The Food and Drug Administration announced today that it wants the federal government to impose tough new restrictions on some of the most widely used prescription painkillers.
"Hydrocodone is very effective to relieve pain. It causes less drowsiness than the stronger narcotics so it's a more favorable drug in most cases," said William McFarland, owner and pharmacist of Loop Pharmacy in St. Albans, West Virginia.
It's also highly addictive so the FDA is tightening control on who can get the drug by reclassifying Hydrocodone from a schedule III drug to a schedule II drug.
"Schedule III drugs are brought to a pharmacy by a written prescription, sometimes they're sent over a computer line or they're called in by a physician or a physician's office," said McFarland.
Schedule II drugs, like OxyContin and Percocet, have greater restrictions on who can prescribe the medicine and how much can be prescribed.
Now, Hydrocodone prescriptions will have to be physically brought into a pharmacy rather than called in by a doctor over the phone.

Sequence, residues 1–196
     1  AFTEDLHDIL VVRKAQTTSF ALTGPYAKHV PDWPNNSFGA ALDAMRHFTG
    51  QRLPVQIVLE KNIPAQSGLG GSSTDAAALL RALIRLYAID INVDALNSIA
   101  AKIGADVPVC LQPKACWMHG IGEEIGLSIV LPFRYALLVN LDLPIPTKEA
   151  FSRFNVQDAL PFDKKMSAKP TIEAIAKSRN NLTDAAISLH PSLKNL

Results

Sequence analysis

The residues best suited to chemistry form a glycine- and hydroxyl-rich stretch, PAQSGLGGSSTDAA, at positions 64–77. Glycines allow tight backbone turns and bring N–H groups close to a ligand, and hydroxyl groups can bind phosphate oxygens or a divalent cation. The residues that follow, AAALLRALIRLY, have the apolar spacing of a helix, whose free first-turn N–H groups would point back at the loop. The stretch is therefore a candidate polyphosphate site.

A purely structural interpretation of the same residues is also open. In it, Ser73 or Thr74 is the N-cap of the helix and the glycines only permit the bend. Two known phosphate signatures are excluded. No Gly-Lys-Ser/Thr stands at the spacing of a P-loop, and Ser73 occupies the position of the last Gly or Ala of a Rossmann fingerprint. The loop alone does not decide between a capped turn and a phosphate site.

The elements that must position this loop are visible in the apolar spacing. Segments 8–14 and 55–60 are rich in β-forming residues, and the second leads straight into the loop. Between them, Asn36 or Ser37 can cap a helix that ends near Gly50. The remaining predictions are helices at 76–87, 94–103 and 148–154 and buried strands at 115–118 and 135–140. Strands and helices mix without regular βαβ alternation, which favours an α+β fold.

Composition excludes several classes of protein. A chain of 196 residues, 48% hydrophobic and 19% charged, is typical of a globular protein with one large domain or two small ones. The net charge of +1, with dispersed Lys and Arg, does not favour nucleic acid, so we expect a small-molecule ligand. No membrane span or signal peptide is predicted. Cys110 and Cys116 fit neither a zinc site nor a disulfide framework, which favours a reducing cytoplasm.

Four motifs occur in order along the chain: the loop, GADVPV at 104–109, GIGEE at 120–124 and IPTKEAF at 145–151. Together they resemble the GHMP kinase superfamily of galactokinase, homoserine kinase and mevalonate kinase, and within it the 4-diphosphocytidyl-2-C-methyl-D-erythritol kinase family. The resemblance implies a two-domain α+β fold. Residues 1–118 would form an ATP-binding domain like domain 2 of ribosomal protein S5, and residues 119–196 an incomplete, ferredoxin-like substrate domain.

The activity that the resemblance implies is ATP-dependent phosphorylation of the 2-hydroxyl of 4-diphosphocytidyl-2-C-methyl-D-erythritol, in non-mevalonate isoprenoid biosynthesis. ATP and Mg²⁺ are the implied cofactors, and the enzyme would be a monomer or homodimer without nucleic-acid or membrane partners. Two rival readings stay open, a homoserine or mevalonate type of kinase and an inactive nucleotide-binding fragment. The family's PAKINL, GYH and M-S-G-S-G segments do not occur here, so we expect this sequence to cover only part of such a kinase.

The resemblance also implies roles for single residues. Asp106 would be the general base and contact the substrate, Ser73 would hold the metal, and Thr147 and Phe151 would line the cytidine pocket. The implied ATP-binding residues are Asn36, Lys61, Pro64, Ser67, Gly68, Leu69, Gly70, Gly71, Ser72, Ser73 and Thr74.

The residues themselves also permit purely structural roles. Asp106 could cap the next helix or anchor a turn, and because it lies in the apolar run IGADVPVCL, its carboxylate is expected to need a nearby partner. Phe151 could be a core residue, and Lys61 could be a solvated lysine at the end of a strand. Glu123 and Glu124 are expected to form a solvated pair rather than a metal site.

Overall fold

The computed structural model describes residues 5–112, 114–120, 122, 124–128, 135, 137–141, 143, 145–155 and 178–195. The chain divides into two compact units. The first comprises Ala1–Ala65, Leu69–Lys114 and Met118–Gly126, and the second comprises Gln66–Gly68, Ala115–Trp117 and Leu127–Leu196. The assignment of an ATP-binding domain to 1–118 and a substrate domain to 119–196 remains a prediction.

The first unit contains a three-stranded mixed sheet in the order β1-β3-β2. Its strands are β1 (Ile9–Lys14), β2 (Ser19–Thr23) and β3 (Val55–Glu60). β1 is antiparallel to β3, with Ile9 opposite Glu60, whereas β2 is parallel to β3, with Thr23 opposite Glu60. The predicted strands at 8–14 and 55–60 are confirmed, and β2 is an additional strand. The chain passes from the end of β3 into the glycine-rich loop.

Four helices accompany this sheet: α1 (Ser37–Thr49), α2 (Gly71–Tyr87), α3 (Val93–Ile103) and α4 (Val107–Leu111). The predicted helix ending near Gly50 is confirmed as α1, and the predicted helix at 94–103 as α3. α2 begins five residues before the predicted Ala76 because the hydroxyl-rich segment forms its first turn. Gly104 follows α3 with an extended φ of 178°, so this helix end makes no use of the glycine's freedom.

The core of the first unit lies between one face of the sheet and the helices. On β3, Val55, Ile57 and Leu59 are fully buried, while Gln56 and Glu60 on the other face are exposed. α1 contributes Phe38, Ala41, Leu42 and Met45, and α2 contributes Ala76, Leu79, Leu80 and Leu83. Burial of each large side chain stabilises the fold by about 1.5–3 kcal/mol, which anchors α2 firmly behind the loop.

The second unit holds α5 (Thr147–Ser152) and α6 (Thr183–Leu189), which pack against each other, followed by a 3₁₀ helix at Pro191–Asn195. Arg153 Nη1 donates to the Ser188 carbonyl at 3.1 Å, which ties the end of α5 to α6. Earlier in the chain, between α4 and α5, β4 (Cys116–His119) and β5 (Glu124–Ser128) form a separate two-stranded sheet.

Lawmakers, like US Senator Joe Manchin, have wanted this change to be made for a while due to the drug's abuse and misuse. However, some pharmacists, like McFarland, say it's unnecessary especially in West Virginia with a new drug tracking system in place.
"You're going to reduce the amount of Hydrocodone written, which will reduce the amount of people that will get that medication," said McFarland.
Health and Human Services is expected to pass the FDA's recommendation along to the Drug Enforcement Administration in the next few weeks, which will immediately begin the reclassification process.
Senator Manchin testified to the FDA's Advisory Committee nearly a year ago about the need to reclassify the highly addictive substance. He told the State Journal, "rescheduling Hydrocodone from a Schedule III to a Schedule II drug will help prevent these highly addictive drugs from getting into the wrong hands and devastating families and communities."